Thanks for drawing our collective attention to Tony Perkin’s total failure to understand the heart of Christianity. In an interview with Politico this week, Perkins argued that Trump was a hero to Christians, who are “finally glad that there’s somebody on the playground that is willing to punch the bully.”
Did you detect a little David and Goliath allusion there?
You pointed out the Perkins seems to be ignoring one of Jesus’ most famous teachings: that when struck in the face, we turn the other cheek. Then Perkins delivers this theological gem: “You know, you only have two cheeks.”
Well, that’s a clear case of textual abuse. But he’s wrong in more than this: turning the other cheek isn’t about (as Perkins later says), being a “doormat.” It’s about strategically challenging your oppressor. For the oppressed Jews who looked to Jesus as savior, a slap from a Roman soldier was a backhanded slap–an insult not just because of the violence but also because it was not violence between equals but between a superior and someone who couldn’t fight back. (This is why many parents, unfortunately, feel that the backhanded slap is an appropriate response to a child being sassy. It’s injury isn’t in the physical violence but in the assertion of authority.)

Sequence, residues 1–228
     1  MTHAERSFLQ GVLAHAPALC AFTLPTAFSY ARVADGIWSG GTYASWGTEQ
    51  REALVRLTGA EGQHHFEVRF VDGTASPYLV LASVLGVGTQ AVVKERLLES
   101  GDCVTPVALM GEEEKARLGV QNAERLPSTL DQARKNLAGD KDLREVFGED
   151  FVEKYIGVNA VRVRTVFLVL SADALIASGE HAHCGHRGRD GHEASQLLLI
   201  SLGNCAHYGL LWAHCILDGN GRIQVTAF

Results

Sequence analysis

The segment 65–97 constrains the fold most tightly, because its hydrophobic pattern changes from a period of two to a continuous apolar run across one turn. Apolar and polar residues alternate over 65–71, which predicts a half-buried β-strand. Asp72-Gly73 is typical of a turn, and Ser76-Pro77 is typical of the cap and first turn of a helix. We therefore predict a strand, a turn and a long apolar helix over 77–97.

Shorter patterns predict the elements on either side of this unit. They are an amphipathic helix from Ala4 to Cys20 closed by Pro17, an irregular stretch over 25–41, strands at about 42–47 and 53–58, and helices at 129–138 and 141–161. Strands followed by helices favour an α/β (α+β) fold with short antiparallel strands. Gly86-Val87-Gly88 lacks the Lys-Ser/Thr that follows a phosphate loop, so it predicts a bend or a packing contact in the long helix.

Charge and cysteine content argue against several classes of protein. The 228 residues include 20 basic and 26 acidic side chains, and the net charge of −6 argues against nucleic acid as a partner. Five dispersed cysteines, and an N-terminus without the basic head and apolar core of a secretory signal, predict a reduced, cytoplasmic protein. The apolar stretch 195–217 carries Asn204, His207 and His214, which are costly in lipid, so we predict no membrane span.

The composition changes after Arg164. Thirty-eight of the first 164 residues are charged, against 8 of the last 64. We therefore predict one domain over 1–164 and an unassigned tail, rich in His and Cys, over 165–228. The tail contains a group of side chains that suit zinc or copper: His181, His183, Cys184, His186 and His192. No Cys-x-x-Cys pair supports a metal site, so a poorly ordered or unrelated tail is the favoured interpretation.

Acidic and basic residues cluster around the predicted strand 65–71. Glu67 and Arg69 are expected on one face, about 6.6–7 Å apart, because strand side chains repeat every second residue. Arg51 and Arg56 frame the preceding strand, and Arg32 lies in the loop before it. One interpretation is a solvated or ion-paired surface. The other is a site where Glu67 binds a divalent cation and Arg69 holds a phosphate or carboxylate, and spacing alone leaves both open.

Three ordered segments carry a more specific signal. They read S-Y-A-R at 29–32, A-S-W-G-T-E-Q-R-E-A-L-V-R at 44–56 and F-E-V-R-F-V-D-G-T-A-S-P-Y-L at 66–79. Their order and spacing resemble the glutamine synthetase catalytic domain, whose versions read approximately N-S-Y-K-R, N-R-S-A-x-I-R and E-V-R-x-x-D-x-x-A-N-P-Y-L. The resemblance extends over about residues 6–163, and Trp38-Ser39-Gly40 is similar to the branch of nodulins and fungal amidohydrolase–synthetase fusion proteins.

When Jesus says to turn the other cheek, he’s challenging the hierarchy by saying that the oppressed have equal worth and dignity as the oppressors. Turning the other cheek would have forced the soldier on his victim as if the victim were his equal. He’s caught in an uncomfortable position: using violence to assert his authority requires him to recognize the equality of his victim. And you don’t need more than two cheeks to make it work.
But just because Tony Perkins doesn’t understand the Bible doesn’t mean he doesn’t understand some parts of Jesus’ teaching. For example, he seems happy to follow Jesus’ command to Peter that we forgive “until seventy times seven” when it comes to Donald Trump’s list of sins. In fact, Trump isn’t even sorry about his sins, doesn’t see them as sins, didn’t do them anyway, wouldn’t do them with women that unattractive, and has never asked God for forgiveness for them, and, still, Perkins is happy to give him “a Mulligan,” a theologically insightful term for saying that Perkins doesn’t care what Trump does as long as his fingers can operate a pen to sign whatever terrible legislation Perkins supports.
Evangelical theology doesn’t have to be lazy, but under leaders like Perkins, it sure gets treated that way. In Perkin’s view of forgiveness, mercy flows from God to wipe away the sins of Donald Trump (sexual assault, marital infidelity, pressuring his mistress to have an abortion, then bragging about it on the radio when his daughter was a teen), but it’s not something we offer to others. Jesus has something to say about that, too.
Above, Eugene Burnand’s The Unmerciful Servant examines the parable of the servant whose debts were forgiven but who fails forgives to extend grace to those who owe him.